Killing and Growing

At its most basic, the story of life on earth is the competition among species to capture and store as much energy as possible—either directly from the sun, in the case of plants, or, in the case of animals, by eating plants and plant eaters.”

Michael Pollan, The Omnivore’s Dilemma (21)

January in Vermont. Fog rolls languidly down the mountains and catches on the outstretched tips of the treetops. Blue home-smoke drifts almost stagnant across gray roads that can’t decide to be icy or not. In the same week, temperatures swung from minus eight degrees to nearly forty, and the two feet of snow melted by the rain has nothing better to do, it seems, but seep into the basement.

This cycle of freeze and thaw, accumulation and dissipation reminds me of what I consider a small miracle: some of my pantry vegetables have sprouted. It started with one very determined onion, forgotten in the mesh bag, and then I decided to try with the bottom of a celery stalk. To my great surprise and delight, the tiny leaves and stems at the heart of the stalk have started protruding from the base, reaching toward the fleeting sun.

It may sound strange, but this is incredible to witness for me. As someone who enjoys eating meat, I know and accept that getting it to my table it involves the taking of life. But whereas eating animals necessitates killing, eating plants requires…growing. In this case, just a little water and light were needed. True, there is still some inevitable destruction involved in eating plants, but now I have beautiful little living things where I once had trash-destined old vegetables. I’ve never done this before, but I like it.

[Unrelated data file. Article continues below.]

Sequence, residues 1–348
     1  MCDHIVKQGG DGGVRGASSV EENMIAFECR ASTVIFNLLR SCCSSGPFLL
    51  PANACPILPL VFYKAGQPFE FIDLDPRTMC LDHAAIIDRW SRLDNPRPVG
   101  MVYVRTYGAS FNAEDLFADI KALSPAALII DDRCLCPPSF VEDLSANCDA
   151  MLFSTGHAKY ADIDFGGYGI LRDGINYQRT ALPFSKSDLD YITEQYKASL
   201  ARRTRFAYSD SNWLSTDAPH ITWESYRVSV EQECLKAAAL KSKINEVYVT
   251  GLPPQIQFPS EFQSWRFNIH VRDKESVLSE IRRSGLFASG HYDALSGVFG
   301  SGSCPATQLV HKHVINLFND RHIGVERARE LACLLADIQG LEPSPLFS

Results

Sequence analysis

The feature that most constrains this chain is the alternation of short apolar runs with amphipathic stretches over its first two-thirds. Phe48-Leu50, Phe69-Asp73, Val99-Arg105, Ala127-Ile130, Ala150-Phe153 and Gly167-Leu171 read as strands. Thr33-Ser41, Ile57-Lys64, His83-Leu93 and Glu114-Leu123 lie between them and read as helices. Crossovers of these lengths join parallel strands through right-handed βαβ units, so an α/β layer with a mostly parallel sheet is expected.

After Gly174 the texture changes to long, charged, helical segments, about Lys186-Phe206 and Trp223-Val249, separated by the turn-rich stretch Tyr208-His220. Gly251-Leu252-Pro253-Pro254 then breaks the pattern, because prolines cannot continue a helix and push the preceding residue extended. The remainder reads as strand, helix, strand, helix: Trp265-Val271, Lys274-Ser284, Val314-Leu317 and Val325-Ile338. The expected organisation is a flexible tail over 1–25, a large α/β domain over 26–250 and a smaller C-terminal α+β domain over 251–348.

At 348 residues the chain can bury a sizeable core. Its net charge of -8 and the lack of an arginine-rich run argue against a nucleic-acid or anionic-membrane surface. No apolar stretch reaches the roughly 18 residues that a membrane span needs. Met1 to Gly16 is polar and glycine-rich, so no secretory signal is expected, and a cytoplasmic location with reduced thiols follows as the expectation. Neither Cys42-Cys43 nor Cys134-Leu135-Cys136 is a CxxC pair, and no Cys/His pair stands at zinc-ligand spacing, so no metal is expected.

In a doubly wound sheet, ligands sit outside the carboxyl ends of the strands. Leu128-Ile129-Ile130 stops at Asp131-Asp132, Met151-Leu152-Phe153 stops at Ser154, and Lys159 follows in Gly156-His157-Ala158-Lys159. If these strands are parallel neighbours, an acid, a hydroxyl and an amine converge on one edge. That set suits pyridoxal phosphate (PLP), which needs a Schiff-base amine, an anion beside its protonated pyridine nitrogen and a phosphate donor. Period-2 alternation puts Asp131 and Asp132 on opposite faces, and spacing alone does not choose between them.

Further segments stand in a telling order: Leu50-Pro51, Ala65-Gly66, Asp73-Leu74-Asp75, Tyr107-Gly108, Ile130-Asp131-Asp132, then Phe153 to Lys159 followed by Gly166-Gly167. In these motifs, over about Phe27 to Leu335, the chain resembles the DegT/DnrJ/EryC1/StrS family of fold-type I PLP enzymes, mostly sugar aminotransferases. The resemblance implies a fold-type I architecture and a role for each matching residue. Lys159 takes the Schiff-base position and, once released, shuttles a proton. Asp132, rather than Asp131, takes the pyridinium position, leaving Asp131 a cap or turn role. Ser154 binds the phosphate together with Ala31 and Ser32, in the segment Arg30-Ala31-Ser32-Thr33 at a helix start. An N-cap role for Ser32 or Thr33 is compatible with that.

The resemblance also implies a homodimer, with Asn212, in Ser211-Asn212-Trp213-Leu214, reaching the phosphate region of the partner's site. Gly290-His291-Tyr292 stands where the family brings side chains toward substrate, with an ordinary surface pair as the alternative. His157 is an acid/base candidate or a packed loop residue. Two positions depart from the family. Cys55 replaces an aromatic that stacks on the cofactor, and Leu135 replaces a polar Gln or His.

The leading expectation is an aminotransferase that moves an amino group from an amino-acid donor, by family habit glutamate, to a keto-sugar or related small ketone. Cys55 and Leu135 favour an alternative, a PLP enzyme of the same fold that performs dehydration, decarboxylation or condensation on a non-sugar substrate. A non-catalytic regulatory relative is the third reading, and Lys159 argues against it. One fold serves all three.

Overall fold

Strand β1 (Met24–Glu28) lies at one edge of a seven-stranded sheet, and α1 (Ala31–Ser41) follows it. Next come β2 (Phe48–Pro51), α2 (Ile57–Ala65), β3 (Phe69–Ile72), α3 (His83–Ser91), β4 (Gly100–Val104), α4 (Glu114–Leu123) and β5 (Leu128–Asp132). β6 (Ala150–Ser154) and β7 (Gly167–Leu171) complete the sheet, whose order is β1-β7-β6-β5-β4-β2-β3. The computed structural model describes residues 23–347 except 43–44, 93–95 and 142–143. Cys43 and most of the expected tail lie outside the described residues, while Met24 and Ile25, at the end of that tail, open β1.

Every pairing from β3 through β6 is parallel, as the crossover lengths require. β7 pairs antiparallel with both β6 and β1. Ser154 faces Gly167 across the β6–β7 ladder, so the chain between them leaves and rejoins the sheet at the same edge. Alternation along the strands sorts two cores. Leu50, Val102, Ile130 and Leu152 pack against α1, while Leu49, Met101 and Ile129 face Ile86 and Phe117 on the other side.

It’s almost as if the onions and celery know I’ve been reading up on how healthy and amazing they are. I’m fortunate to have great produce available even in the dead of winter. In the springtime, I hope to plant my sprouted vegetables in the ground – also a first for me. Maybe gardening will serve to counterbalance the hunting I aspire to do. What’s next? Perhaps I can sprout some beans. I know a potato won’t take much coaxing. This is the start of something amazing. A sprouted onion may seem a trivial thing, but I think it’s another one of food and nature’s wonders.

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